Mr. Davidson, acting pro se, appealed the magistrate court judgment to the Circuit Court of Cabell County. The circuit court conducted a bench trial on July 14, 2008. At the trial, three employees of Workforce West Virginia testified to Mr. Davidson's fraudulent receipt of unemployment benefits, and to the Commissioner's attempts to have Mr. Davidson voluntarily repay the $1,962.00 overpayment. Counsel for the Commissioner admitted into evidence numerous documents, including the November 14, 2000 final administrative order ruling that Mr. Davidson had improperly received $1,962.00 in unemployment benefits.
At the conclusion of the trial, and memorialized in an order dated July 15, 2008, the circuit court ruled that Mr. Davidson had improperly obtained unemployment compensation by alleged fraud in 2000, and concluded that the Commissioner's November 14, 2000 decision terminating Mr. Davidson's unemployment compensation had not been appealed. The circuit court found, however, that the Commissioner had failed to produce any evidence which established the amount of damages that it is entitled to as a result of overpayment of unemployment compensation benefits to Mr. Davidson. Based upon this finding, the circuit court determined that the Commissioner had failed to meet its burden of proof, set aside the magistrate court judgment, and dismissed the Commissioner's collection action with prejudice.
The Commissioner now appeals the circuit court's July 15, 2008 order.
When reviewing a circuit court's judgment reached following a bench trial, this Court has previously held that:
In reviewing challenges to the findings and conclusions
of the circuit court made after a bench trial, a two-pronged
deferential standard of review is applied. The final order and the
ultimate disposition are reviewed under an abuse of discretion
standard, and the circuit court's underlying factual findings are
reviewed under a clearly erroneous standard. Questions of law
are subject to a de novo review.
Syllabus Point 1, Public Citizen, Inc. v. First Nat'l Bank in Fairmont, 198 W.Va. 329, 480 S.E.2d 538 (1996). Regarding a circuit court's factual findings following a bench trial, we have stated that:
Appellate oversight is . . . deferential, and we review the trial
court's findings of fact following a bench trial, including mixed
fact/law findings, under the clearly erroneous standard. If the
trial court makes no findings or applies the wrong legal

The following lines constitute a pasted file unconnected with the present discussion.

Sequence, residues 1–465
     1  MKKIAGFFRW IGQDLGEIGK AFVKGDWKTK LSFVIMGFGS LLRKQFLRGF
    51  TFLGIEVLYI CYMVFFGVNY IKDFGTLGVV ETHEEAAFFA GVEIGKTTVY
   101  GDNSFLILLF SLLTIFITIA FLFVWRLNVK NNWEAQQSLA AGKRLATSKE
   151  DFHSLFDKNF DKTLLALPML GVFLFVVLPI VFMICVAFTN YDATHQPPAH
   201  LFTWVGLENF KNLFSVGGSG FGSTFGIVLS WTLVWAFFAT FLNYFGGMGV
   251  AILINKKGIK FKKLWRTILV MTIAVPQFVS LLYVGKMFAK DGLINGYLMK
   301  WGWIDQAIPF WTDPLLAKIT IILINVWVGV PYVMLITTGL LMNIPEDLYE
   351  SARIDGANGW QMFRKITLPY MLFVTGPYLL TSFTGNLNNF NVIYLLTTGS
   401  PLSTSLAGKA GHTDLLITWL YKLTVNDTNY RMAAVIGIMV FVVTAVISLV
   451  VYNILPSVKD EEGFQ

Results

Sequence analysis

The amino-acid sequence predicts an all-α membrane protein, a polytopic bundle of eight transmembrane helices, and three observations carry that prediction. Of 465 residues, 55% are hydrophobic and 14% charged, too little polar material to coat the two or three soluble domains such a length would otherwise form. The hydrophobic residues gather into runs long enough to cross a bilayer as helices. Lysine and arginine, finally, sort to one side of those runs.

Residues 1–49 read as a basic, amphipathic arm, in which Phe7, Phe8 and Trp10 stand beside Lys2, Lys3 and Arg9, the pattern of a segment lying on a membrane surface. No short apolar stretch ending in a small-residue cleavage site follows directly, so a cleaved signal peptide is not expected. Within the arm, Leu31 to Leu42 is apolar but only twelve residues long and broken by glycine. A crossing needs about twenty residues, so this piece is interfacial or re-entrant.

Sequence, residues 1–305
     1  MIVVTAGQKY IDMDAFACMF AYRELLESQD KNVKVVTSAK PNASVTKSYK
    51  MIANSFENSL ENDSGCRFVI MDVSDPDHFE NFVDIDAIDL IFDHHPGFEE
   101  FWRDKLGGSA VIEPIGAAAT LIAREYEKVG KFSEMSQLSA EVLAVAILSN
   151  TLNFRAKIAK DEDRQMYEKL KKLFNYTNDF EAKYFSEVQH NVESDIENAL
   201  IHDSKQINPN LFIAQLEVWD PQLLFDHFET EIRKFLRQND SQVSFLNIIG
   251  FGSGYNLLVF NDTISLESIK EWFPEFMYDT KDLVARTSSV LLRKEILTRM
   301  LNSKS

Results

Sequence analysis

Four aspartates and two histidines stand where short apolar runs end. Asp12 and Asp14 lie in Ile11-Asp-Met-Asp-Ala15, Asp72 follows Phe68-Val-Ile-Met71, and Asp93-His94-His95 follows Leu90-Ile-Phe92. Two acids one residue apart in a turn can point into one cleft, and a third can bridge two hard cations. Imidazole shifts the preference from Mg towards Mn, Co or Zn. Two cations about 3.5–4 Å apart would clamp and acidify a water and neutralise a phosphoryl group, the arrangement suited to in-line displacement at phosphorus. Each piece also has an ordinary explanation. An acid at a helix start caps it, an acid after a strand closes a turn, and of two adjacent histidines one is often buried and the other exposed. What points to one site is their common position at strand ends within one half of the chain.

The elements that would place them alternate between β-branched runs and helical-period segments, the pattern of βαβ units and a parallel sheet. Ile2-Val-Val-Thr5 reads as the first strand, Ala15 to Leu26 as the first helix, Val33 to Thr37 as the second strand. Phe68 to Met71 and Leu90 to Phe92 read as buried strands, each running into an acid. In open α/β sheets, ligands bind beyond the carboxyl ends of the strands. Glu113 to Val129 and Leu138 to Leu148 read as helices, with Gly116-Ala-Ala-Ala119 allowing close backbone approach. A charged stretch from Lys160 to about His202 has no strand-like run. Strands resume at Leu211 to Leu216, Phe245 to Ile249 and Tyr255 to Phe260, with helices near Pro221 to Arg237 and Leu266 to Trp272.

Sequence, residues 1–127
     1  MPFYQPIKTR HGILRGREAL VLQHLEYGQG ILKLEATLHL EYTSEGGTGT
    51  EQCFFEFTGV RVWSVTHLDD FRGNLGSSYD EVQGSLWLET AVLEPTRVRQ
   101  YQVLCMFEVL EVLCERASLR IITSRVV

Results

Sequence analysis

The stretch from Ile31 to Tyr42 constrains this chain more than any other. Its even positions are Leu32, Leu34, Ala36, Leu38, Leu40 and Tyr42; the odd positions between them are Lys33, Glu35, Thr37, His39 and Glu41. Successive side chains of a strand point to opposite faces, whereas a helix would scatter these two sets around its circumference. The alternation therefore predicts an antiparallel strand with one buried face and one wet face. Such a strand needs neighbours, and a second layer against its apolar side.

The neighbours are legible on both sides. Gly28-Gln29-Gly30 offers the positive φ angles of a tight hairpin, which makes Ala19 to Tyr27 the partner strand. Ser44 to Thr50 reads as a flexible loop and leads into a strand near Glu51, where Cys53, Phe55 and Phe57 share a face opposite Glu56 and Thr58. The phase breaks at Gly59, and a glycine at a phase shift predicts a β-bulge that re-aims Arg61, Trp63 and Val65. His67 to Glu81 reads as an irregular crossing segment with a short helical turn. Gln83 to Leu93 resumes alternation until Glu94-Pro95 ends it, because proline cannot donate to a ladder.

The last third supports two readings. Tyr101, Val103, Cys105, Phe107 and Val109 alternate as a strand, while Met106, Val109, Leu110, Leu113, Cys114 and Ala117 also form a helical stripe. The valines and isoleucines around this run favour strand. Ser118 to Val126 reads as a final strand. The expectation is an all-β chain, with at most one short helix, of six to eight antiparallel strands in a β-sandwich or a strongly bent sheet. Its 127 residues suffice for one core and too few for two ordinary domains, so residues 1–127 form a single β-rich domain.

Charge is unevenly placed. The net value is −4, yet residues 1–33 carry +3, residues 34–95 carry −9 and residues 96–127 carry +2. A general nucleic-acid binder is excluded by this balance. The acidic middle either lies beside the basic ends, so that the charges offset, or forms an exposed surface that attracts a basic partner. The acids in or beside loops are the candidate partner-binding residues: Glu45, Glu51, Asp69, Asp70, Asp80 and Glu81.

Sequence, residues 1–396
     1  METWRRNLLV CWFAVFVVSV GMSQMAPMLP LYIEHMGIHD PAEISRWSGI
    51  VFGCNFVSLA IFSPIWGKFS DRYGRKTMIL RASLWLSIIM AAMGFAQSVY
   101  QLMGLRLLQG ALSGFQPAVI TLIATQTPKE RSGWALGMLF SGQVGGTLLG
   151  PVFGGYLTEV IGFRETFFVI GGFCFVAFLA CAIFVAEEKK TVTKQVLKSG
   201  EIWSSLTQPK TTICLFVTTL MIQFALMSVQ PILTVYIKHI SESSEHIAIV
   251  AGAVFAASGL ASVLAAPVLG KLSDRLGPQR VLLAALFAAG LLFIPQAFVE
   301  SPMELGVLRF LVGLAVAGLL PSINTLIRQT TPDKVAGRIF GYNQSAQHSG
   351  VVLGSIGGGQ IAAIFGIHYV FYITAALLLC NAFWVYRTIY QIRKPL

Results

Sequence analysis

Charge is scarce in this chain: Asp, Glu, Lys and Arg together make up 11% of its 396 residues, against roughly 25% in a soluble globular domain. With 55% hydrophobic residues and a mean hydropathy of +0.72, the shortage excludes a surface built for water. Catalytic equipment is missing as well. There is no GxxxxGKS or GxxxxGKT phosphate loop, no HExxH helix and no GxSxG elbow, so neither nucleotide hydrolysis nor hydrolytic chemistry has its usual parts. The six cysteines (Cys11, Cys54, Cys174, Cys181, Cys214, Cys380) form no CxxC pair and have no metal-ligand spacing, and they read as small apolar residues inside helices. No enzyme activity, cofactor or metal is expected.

standard, however, no deference attaches to such an application.
Of course, if the trial court's findings of fact are not clearly
erroneous and the correct legal standard is applied, its ultimate
ruling will be affirmed as a matter of law.
Phillips v. Fox, 193 W.Va. 657, 662, 458 S.E.2d 327, 332 (1995) (footnote omitted).
The record in the trial court plainly establishes that Mr. Davidson was overpaid
$1,962.00, a fact that was adjudicated and stated in the Commissioner's November 14, 2000
final order. Mr. Davidson never appealed that order within the statutory time limit in 2000;
even when improperly given an opportunity to file a late appeal by a magistrate in 2007, Mr.
Davidson did not act. Further, Mr. Davidson never challenged the Commissioner's
overpayment determination before the circuit court. Instead, Mr. Davidson's evidence and
argument centered upon whether it was fair for the Commissioner to have ruled on
November 14, 2000 that his October 2, 2000 application for benefits _ which failed to note
Mr. Davidson's two days of employment with Clientlogic _ was fraudulent. Accordingly,
we believe that the circuit court was required to accept the Commissioner's November 14,
2000 administrative ruling as final and conclusive, regardless of whether the court would
have reached a different conclusion on the same set of facts. Frank's Shoe Store v. West
Virginia Human Rights Com'n, 179 W.Va. 53, 57, 365 S.E.2d 251, 254 (1986), citing Anderson v. City of Bessemer City, 470 U.S. 564, 574-75 (1985).
Accordingly, the circuit court's July 15, 2008 order is reversed, and the case
is remanded for entry of judgment in favor of the Commissioner. (See footnote 5)